What can you say?
It seems you either love him or you hate him and that not only applies to us readers, but also to the majority of the characters in the Marvel Universe (and a few from DC's unverse too).
Long disregarded as a Batman rip off after his creation, it was the 1986 mini series by Steven Grant and Mike Zeck, that really brought Frank into his own, though it was definitely a series of dubious quality and character reasoning. The Punisher, though, has since gone on to become a fan favourite, with stand out runs by John Romita Jr, Chuck Dixon, Klaus Janson and, of course, Garth Ennis.
First introduced in The Amazing Spider Man #129, the Punisher was created by Gerry Conway, who wrote and designed the basic concept, John Romita Sr, who refined the costume's design and Ross Andru who drew the first comic book appearance. Though there was no doubt that the Punisher was a vigilante, there was a certain heroic nobility to those earlier Frank Castle appearances, a reluctance to be damned as being cut from the same mould as the villains and a responsibility to the heroes he worked along side. This side of Frank would change over time to a far darker tone and an almost maniacal drive and acceptance of the dark deeds that he must commit in the name of punishment. In those early Spider Man issues, Frank was almost a protector, a colleague to Spider Man, though a homicidal one at best (their first meeting with Moses Magnum still ranks as one of the best comics EVER). Frank Miller used Frank to contrast the differences between heroes in his acclaimed Daredevil run. Mark Millar used the Punisher as the wild cannon in his Civil War epic; the one hero who could never fit, too wild for either heroes or villains.
Frank had always played well as a support character in others stories, a fantastic peripheral character in the marvel universe, and though popular enough to warrant numerous solo titles, seemed destined to have all his classic moments relegated to others titles.
Then, Garth Ennis entered the picture.
Fresh of his acclaimed run on Preacher, Garth Ennis took over the writing reins of the relaunched Punisher in the year 2000, 12 part maxi-series simply titled The Punisher. It was with this run that Ennis wiped years of muddled continuity, not by means of a major reboot, but by succinctly and forcefully refocusing Frank back into everything that made him a fan favourite. This was a no messing around Punisher and a series that introduced a concept no other Punisher series had ever really considered; humour. As Ennis once said in an interview on the subject, "the last thing you want to do is take this kind of thing too seriously." Yet, it seems that Mr. Ennis did not take his own advice and take Frank seriously is exactly what he did, which leads to our defining moment.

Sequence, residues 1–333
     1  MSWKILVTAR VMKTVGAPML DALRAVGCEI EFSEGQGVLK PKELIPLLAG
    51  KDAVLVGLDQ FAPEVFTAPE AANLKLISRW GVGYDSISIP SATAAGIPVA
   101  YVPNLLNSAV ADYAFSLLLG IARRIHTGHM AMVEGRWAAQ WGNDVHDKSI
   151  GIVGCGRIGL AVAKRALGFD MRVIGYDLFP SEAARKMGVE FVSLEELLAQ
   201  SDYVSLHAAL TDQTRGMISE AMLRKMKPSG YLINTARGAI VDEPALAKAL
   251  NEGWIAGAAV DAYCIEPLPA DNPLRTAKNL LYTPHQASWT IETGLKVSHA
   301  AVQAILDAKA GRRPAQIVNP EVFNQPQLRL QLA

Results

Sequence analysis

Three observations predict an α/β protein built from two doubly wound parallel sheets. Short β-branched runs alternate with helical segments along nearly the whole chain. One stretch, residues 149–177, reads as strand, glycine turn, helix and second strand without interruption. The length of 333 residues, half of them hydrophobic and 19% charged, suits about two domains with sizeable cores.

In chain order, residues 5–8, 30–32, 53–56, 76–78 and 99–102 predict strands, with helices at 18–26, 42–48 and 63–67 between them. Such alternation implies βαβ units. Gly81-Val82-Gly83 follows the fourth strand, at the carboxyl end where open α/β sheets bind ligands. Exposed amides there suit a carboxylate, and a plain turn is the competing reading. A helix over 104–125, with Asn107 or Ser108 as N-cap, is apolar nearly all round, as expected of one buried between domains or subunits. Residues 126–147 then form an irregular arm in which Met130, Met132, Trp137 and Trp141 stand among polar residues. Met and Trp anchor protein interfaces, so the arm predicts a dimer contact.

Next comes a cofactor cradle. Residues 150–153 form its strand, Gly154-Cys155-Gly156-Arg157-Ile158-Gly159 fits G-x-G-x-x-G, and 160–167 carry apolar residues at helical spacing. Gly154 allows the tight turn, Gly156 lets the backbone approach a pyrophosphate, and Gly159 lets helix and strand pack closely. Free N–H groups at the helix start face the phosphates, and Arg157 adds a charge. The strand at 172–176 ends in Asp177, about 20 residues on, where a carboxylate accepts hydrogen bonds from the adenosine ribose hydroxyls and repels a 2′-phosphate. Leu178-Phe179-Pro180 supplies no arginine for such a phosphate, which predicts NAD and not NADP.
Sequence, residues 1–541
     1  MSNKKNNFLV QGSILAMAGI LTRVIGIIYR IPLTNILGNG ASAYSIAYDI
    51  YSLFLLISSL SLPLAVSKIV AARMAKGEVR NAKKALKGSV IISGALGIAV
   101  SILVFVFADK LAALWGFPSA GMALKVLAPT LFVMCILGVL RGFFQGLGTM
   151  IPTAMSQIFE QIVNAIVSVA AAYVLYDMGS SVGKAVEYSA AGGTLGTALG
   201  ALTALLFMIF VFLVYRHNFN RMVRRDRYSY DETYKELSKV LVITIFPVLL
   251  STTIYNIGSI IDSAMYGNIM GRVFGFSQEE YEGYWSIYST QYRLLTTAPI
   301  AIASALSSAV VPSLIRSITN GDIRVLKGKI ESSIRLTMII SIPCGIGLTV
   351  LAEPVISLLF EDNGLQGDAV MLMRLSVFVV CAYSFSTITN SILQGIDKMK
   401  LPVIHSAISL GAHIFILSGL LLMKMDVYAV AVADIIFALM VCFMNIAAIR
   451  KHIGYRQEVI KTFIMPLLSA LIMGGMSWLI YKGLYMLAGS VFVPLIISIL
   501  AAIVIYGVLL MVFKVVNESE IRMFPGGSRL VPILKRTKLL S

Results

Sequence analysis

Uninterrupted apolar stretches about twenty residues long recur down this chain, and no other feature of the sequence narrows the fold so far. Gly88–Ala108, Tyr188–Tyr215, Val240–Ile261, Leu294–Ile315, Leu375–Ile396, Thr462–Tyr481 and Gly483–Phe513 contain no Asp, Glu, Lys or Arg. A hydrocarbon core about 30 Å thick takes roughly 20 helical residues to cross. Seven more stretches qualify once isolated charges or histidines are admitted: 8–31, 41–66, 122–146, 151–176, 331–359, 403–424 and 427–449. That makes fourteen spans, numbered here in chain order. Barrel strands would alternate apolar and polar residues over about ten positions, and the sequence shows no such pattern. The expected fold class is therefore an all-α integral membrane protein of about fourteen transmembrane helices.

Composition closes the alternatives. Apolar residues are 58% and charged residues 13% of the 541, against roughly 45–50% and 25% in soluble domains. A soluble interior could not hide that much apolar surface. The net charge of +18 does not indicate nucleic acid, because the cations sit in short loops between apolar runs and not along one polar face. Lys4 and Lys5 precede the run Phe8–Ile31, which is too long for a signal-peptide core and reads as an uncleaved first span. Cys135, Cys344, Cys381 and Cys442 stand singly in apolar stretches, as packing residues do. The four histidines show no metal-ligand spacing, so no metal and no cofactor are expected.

THE DEFINING MOMENT
Long, Cold, Dark.
Beginning with issue 50 of volume 6 of The Punisher, this was the storyline that took Frank more seriously than any story before or since and was all the better for it. Not only did it exhibit a tone that very few stories, or mediums for that matter could match for visceral violence and dark tone, it also reintroduced the villain Barracuda as, quite possibly, the most terrifying adversary to ever grace the pages of a comic book.
Having appeared twice before in an earlier Punisher tale and a spin off mini series, Barracuda was, in essence, the anti Punisher. Somewhat comical in his previous stories, this Barracuda was out for blood, but not just the blood of Frank Castle. No. This time he was also out for the blood of (Did i mention there were major spoilers in this article?) Franks' daughter!
That's right, unbeknowst to Frank, a past liaison had produced a baby girl and, unfortunately for Frank, Barracuda found out first. Having kidnapped the baby, Frank is forced into places he has never had to go before and face the entire nightmare of his family being murdered all over again.
What follows is one of the most compelling, harrowing, ultra violent, sometimes hilarious, utterly enthralling stories ever to feature a man with a giant skull on his jumper (which, by the way, rarely makes an appearance here).
It makes us realise that Frank Castle, the Punisher is not a hero, never mind a super hero. His tale is one of tragedy, no tragedy being greater than the life Frank has chosen for himself. Like with opera, his story will never end happier than it began and Franks journey can never end well. It is marked with pain and sacrifice, suffering and violence. Frank's life is a commitment to death which will ultimately end in his own. Yet, when faced with the task of protecting an innocent, an innocent who may represent all his failings in saving his first two children, something triggers in the story and in Frank himself that seems to change things. Perhaps hope is evident. Perhaps justice. Perhaps redemption.
Or perhaps not.
Having done what he needed to do, Frank gives up his baby daughter and ensures that she will never know who her father was, for her own safety. Having faced down the embodiment of the life of violence he has chosen in Barracuda and come out victorious, though horribly beaten, Frank leaves, back onto the highway and on to the next mission.
He shows no remorse. Asks for no forgiveness. Bears his burden with out thanks or self pity.
That is the defining moment for me.
After all the blood shed and gun play, we are left not with the Punisher, but with Frank.
He is not a hero. His path is not one of made of justice, or redemption or even revenge. It is a path that leads to death. When Frank became the Punisher he committed to a never ending task that grace nor kindness nor violence or pain could stop. Only death would stop it.
Judging by news of the upcoming end of the current punisher series, it looks like Frank may finally find his ending.
Until then, please let me know what your definitive Punisher moment is.